Omni-Channel Customer Experience Strategy and the Problem of Silos
What are silos? They are the walled gardens that form when departments within the same organization have discrete (or at least disconnected) processes, data and technologies. Silos have always been a problem for enterprises, but in the age of omni-channel communications, silos now have a profoundly negative impact on customer experience as well.
In “Omnichannel Customer Experience Takes Aim at Information Silos,” author Steve Signoff discusses how information silos within a company directly impact customers who want to interact with the brand via multiple channels:
“When companies are saddled with siloed data and processes, customers are often forced to repeat or reenter information when they switch channels rather than the company having a unified view of the customer's interactions – even if those interactions take place on disparate channels.”
He then asserts that customer experience (CX) is the “new battleground measure” (a statement with which we at Topdown completely agree – see our article on making the business case for improving CX), so it must span channels (e.g., web, social, mobile) because customer journeys do. You must be available when and where customers wish to reach you in order to present seamless and effective CX.
Therefore, Signoff argues, organizations need to change how they think about measuring experience:
“Rather than judging individual channels, companies must evaluate the bigger picture of what a presence on these channels does for their customers' experience. Look at your channels as an interacting and complementing set of resources and the contiguous paths that each of your customers take along their customer journeys. You aren't trying to pick a winner; you're investing in a mix of capabilities and enablers that will hopefully improve the customer experience as a whole.”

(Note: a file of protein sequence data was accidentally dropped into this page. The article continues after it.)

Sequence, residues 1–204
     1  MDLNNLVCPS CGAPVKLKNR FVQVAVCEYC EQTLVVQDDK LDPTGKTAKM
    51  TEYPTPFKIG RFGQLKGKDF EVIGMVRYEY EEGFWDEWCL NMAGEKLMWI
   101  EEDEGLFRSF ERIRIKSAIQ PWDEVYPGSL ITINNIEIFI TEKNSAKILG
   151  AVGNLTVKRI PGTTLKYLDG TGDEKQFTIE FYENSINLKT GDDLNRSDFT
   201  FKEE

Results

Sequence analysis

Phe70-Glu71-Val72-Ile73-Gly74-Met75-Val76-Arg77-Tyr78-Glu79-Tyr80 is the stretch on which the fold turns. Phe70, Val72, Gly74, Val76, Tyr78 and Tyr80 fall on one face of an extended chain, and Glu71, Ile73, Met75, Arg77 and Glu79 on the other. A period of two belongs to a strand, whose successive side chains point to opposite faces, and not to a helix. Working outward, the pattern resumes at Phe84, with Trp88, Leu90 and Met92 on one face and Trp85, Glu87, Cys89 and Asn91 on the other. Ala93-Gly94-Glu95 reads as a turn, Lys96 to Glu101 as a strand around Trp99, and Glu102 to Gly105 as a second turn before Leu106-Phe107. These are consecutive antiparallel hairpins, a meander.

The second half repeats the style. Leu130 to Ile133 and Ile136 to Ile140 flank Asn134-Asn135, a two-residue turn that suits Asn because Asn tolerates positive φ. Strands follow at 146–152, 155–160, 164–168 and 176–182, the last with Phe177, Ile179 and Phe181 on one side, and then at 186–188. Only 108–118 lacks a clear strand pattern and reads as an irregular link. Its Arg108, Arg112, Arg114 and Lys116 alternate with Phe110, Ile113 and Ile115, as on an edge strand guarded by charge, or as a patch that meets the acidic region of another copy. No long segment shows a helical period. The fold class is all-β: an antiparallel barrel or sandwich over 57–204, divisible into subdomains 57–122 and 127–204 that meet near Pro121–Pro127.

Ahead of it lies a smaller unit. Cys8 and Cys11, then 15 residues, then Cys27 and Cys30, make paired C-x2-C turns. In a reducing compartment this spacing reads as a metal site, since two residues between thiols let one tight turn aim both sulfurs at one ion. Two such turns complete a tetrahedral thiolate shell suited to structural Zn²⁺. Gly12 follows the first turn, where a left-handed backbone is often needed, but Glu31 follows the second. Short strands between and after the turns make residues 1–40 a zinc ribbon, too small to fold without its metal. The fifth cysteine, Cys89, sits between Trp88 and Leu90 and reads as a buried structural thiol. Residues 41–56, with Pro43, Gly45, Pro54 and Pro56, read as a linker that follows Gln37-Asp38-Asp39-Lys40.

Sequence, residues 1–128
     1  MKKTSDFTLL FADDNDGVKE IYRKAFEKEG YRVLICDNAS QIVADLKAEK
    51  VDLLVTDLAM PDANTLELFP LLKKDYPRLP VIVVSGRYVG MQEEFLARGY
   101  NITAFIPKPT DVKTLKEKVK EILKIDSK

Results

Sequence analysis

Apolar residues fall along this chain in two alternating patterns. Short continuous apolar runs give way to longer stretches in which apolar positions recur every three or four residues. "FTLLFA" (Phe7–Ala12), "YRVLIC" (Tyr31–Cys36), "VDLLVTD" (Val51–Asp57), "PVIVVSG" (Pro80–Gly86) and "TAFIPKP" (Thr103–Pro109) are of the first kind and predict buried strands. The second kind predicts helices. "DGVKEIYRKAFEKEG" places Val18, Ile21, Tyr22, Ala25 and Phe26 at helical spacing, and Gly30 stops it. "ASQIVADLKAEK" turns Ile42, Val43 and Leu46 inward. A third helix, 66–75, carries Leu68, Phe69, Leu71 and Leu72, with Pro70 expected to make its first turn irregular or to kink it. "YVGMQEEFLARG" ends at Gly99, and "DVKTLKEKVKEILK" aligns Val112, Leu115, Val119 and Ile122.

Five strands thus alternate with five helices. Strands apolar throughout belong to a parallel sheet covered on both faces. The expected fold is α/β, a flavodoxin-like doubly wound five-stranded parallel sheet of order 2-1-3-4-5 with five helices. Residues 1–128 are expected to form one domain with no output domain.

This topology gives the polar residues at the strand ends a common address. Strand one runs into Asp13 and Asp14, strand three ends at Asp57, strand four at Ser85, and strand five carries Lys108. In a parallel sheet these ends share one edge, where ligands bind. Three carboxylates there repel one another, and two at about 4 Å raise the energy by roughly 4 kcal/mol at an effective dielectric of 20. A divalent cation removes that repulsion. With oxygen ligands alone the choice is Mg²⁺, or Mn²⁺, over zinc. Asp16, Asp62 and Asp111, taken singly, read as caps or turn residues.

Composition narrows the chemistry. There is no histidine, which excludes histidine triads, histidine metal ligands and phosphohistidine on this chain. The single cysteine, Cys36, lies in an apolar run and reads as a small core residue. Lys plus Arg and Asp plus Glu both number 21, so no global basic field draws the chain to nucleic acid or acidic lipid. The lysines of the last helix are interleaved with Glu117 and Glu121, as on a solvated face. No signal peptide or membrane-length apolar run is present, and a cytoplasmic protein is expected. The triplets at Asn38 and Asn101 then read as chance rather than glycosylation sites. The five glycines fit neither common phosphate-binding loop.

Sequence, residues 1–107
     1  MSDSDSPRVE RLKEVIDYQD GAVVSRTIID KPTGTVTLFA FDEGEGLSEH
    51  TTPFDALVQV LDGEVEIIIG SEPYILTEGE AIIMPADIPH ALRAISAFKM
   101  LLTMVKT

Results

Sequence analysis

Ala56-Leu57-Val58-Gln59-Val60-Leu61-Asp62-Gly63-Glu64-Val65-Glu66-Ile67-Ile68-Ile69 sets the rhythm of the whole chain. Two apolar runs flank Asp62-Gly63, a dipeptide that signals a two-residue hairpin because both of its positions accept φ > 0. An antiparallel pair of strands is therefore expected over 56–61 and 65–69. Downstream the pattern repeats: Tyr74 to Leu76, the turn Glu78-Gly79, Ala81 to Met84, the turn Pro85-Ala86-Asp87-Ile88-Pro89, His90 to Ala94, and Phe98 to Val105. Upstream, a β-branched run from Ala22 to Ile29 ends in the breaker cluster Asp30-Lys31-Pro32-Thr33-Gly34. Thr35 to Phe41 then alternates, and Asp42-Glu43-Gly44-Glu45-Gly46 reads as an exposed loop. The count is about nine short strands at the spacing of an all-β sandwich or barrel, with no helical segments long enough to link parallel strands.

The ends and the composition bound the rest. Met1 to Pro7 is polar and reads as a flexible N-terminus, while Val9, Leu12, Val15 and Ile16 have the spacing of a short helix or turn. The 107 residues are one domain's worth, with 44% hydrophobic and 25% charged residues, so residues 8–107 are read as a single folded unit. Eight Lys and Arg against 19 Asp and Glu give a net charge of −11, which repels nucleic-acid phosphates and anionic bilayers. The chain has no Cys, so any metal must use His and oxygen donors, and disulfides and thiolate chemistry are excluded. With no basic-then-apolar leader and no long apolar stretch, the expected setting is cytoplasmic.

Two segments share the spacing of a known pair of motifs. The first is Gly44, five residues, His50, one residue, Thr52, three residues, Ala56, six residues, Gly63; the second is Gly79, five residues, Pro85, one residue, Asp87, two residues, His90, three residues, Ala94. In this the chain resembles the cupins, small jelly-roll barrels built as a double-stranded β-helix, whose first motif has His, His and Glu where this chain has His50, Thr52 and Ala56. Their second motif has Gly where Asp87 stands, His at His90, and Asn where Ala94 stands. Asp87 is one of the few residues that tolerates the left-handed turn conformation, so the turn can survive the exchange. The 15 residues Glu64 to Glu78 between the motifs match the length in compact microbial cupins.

We like how Signoff emphasizes that breaking down organizational silos and creating a seamless omni-channel customer experience doesn’t happen by accident – it can only happen by design. You have to have a customer experience management strategy in place to get from fragmented multi-channel customer communications to a smooth, seamless omni-channel customer experience.
From our perspective at Topdown, though, we would add the following advice:
When you’re working out your customer experience improvement strategy, don't just focus on sales- or acquisition-oriented channels. Include channels and customer communications involved in journeys taken by existing customers as well. Think about the lifetime value of your customers and give them similarly well-thought-out experiences from the channels focused on customer service and retention as you do when you are courting them through marketing and sales channels. Do this by identifying gaps in your current CX management and linking your customer experience investments to business objectives.
About John Zimmerer
John Zimmerer is the senior director of marketing at Topdown, where he leads market research and outreach efforts for the company's customer communications and customer experience products. Most recently, John has been researching and writing about the future direction of the technologies that power customer experience, and is regarded as a thought leader in this area. John has nearly 20 years of software product marketing experience. His areas of expertise include market research, analyst relations, public relations and digital marketing.